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Rat Genome Database


NAR Molecular Biology Database Collection entry number 93
Twigger, S.N.1, Shimoyama, M.1, Lu, J.1, Pasko, D.1, Bromberg, S.1, Chen, C.F.1, Chen, J.1, Gopinathrao, G.1, Nigam, R.1, Ramachandran, H.1, Mathis, J.1, Nie, J.1, Maltais, L.2, Eppig, J.T.2, Maglott, D.3, Schuler, G.3, Jacob, H.J4, Tonellato, P.J.1
1Bioinformatics Research Center, Medical College of Wisconsin, Milwaukee, Wisconsin, 53226, USA
2The Jackson Laboratory, Bar Harbor, Maine, 04609, USA
3National Center for Biotechnology Information, NIH, Bethesda, MD 20894, USA
4Human and Molecular Genetics Center, Medical College of Wisconsin, Milwaukee, Wisconsin 53226, USA
Contact simont@mcw.edu

Database Description

The Rat is uniquely suited to its role as a model of human disease and the primary focus of the Rat Genome Database (RGD, http://rgd.mcw.edu/) is to aid researchers in their study of the rat and in applying their results to studies in a wider context. In support of this we have integrated a large amount of rat genetic and genomic resources that are constantly being expanded through ongoing literature and bulk dataset curation. Our goal is to enhance studies in the rat by providing not only a repository of genomic data but by allowing the user to view this data from a disease-centric perspective. This will facilitate interpretation and analysis of results in a holistic or systems-oriented manner. Combining this disease-centric approach with our comparative genomics tools allows interpretation of rat studies in the context of the human genome, further leveraging the benefits of the rat as a model organism. RGD has a well defined community outreach focus geared towards the researcher wishing to apply these tools and approaches. These include a Visiting Scientist program, the Rat Community Forum (an online discussion group for rat research), workshops, training seminars and an international curation network. Thus RGD provides data, tools and support to the rat research community and enables this research to be applied to studies in other model systems.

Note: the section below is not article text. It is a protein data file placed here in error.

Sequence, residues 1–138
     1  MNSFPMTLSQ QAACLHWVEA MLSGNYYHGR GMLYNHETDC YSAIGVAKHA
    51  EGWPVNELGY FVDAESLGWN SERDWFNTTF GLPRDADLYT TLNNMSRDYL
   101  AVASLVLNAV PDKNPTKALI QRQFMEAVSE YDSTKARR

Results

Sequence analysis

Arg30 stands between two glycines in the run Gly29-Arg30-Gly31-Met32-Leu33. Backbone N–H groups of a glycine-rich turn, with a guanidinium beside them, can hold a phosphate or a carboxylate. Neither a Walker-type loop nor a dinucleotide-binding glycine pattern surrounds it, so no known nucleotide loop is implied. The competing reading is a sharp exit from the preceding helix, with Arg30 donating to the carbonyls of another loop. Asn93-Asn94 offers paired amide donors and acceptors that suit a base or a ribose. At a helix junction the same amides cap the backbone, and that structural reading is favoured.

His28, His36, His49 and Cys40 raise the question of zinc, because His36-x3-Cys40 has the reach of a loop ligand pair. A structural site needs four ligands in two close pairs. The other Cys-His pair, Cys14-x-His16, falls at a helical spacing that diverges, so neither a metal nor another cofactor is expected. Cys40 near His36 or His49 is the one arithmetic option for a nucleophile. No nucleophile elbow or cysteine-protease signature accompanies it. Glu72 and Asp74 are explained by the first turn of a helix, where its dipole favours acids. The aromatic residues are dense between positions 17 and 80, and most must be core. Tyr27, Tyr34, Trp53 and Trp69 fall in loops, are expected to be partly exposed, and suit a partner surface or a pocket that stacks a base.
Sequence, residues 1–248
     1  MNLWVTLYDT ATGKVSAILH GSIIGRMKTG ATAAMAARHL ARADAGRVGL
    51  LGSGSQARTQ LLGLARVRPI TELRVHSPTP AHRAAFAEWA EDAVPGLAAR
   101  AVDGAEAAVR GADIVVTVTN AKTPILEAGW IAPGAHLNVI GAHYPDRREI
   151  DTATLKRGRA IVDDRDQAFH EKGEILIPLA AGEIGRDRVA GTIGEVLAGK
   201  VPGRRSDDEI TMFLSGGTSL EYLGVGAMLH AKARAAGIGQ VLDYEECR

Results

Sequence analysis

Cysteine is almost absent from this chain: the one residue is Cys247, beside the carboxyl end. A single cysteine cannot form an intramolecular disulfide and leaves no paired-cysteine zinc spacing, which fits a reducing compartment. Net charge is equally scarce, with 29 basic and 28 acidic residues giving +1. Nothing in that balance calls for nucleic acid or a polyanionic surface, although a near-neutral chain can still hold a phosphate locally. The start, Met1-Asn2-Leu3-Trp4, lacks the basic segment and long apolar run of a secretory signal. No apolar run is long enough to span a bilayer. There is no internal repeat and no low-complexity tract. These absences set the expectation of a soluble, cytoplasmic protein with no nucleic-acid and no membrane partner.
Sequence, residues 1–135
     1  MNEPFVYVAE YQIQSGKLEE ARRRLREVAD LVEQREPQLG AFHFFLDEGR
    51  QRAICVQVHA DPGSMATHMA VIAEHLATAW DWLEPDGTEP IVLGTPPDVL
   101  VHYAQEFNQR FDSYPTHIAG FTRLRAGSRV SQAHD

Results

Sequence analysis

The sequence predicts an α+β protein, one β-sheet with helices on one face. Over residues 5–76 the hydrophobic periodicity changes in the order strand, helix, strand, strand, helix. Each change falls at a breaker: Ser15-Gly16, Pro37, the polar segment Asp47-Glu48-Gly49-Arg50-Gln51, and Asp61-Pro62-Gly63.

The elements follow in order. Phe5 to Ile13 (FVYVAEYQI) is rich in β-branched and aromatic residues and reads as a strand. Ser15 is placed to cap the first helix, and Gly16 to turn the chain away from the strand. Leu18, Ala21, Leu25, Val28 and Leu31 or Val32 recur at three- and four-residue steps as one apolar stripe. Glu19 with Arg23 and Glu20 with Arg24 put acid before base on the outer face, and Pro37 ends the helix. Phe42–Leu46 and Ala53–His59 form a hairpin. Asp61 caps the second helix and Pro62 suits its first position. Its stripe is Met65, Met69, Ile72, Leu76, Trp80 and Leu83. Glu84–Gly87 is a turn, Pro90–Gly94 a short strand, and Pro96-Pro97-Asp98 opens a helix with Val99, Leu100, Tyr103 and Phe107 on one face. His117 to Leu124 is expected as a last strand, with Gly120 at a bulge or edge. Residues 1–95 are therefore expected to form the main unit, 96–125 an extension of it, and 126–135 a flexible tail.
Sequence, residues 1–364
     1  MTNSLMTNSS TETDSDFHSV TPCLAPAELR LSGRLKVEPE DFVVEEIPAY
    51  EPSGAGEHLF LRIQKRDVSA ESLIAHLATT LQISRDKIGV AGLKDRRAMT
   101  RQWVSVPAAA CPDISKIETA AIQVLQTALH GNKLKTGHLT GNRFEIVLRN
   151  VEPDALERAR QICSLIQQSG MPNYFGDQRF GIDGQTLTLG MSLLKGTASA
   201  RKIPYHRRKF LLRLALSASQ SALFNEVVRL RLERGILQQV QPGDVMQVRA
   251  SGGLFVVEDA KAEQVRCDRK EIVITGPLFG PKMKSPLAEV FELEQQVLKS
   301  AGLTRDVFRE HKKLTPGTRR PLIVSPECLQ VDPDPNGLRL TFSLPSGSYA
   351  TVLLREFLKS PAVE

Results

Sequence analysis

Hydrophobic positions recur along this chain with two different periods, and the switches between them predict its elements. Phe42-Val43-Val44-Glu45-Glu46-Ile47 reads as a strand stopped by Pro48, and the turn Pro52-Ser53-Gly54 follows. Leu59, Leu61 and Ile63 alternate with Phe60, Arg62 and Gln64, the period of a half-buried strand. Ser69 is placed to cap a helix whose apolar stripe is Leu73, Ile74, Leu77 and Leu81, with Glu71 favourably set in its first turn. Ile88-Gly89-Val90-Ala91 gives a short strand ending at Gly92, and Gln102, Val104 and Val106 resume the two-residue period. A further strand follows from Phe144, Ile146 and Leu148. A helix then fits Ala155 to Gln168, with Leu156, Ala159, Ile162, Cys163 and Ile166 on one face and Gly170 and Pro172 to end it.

Recent Developments

Major developments in 2002 have centered around making the database more accessable to the user. Comprehensive help pages including 'How do I?' sections have been introduced to explain how the tools and data in RGD can be used to answer typical biological questions. Biological annotations were added to gene reports, including Gene Ontology annotations. Through our ongoing collaboration with MGD and LocusLink, RGD now has almost 5000 gene entries; the gene symbols and names are being systematically reviewed and updated to conform to established nomenclature guidelines. In preparation for the release of the Rat sequence, all rat ESTs have been loaded into the database along with Unigene and Tigr Cluster data, providing a valuable resource for sequence and microarray analysis. To assist users in accessing the data within the database, more comprehensive FTP flat files have been released and two new mirror sites (in Japan and China) were established.

Acknowledgements

RGD is funded by grant HL64541 from the National Heart, Lung, and Blood Institute on behalf of the NIH.

References

Twigger, S.N., et. al., Nucleic Acids Res. 2002 Jan
1;30(1):125-8


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